As said the choice is yours and you shouldn't feel pressurised you know your boys and will do your best accordingly whatever the decision you make. Hope this has helped and not thrown a spanner in the works? You don't have to feel isolatd we can support you through this. Kathy. Smile

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Thankyou

Post  Labrador on Fri Oct 10, 2008 11:04 pm

Hi there, thanks for your promt reply, looks like a day in the library for me tomorrow! As for school, they are learning along with me and try to be supportive but sometimes fall back to the 'naughty' (as do I if I am honest) so I forgive them. I am trying to find a way forward with organisation. We have recently installed whiteboards on bedroom walls -'to do' list are written each night and checked at inervals in the morning it keeps them on track , get up , get dresed, omega oil, breakfast, clean, teeth etc. Lists achieved are rewarded! We also got one of those canvas wardrobe hangers that you can get from Ikea with Monday Tuesday etc slots- perfect for uniform. We are on a mission here! Any idea for anger management in the 10 year old with dyspraxia would be welcome. I am trying to train myself that the children are not 'naughty' but that they need understanding and direction but they have to live in the real world. I really feel for them when they explain things that have happened at school and how things are missunderstood as arrogance or rudeness. Also I need to give clear messages to them re acceptable behaviour and their young sister is watching!! I try to rationalise with them and they know they are 'neurodiverse' -how boring it would be if we were all the same! On a positive note he is the most self-less, sharing child I have ever come accross. I find motherhood to be an emotional rollercoaster. Its great to have you there, so thank you. One last note - we bought a labrador as research suggets this is great for improving social skills!! (and chewing your rugs!!) The children love him but he adds to the work load be under no illusion.......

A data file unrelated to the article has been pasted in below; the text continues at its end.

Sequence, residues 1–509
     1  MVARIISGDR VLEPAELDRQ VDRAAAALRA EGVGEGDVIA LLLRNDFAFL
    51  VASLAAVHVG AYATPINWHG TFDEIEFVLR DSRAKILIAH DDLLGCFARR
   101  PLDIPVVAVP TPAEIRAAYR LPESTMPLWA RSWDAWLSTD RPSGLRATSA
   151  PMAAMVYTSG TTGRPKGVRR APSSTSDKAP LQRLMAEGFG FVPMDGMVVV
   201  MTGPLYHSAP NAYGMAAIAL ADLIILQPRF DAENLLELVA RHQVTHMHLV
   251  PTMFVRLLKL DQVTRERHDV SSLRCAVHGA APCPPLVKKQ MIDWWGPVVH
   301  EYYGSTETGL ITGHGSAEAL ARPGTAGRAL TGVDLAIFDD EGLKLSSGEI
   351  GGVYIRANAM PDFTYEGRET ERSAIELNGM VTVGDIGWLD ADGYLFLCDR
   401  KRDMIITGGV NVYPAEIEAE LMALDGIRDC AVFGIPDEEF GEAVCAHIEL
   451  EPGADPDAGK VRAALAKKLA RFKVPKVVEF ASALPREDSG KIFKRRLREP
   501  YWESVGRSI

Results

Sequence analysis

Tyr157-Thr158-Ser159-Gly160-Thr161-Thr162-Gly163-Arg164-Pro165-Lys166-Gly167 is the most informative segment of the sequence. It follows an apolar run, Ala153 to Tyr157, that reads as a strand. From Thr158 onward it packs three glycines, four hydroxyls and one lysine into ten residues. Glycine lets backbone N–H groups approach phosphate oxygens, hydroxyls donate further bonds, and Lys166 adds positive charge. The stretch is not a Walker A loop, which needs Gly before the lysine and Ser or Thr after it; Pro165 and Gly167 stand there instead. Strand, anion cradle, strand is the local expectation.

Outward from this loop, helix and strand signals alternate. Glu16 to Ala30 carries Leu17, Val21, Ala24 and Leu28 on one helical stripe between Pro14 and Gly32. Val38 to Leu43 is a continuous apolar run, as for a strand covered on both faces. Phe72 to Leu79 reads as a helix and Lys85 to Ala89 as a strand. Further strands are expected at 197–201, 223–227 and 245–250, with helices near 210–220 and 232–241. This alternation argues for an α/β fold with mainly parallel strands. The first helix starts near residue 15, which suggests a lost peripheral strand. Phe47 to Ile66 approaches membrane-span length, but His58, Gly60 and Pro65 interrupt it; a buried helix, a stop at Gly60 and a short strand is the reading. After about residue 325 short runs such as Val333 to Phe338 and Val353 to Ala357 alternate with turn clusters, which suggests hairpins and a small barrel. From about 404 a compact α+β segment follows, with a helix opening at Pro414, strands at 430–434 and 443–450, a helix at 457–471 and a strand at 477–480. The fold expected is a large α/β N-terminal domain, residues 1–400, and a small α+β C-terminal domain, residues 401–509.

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hello there

Post  kathy1 on Sat Oct 11, 2008 6:32 pm

Seems to me you sre doing a great job. A positive approach is paying off. Regarding your son's behaviour consistency is the key, same approach, telling him his behaviour is unacceptable and explaining why. Give praise where it's due eg you did really well, you were very patient when waiting in that queue etc. Coloured coded folders are great for each different subject specially when in High school, as is getting everything redy the night the before, although when my daughter started high school she took everything book with her in order to make sure she wasn't missing anything or get into trouble. it was only when her sisiter looked in her bag for a form we noticed everything crammed in so had to get her organised.
Not so sure on the dog let me know how it goes (not really a dog lover). We have support group here in Yorkshire will keep you informed off whats going on, just keep looking on the web.
How's the book reading gone?
Kathy Smile Smile